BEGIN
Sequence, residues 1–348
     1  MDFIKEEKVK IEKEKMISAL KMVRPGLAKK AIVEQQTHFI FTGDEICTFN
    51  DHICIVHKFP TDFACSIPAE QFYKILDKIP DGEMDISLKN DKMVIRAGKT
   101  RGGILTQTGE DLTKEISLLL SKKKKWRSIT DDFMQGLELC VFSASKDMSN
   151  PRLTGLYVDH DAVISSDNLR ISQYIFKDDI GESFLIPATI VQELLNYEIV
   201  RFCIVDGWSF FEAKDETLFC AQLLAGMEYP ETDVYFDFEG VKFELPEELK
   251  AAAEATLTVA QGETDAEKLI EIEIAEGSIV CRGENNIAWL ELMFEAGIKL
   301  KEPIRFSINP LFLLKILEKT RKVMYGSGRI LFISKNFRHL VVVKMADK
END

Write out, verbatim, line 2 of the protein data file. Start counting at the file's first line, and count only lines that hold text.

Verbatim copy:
     1  MDFIKEEKVK IEKEKMISAL KMVRPGLAKK AIVEQQTHFI FTGDEICTFN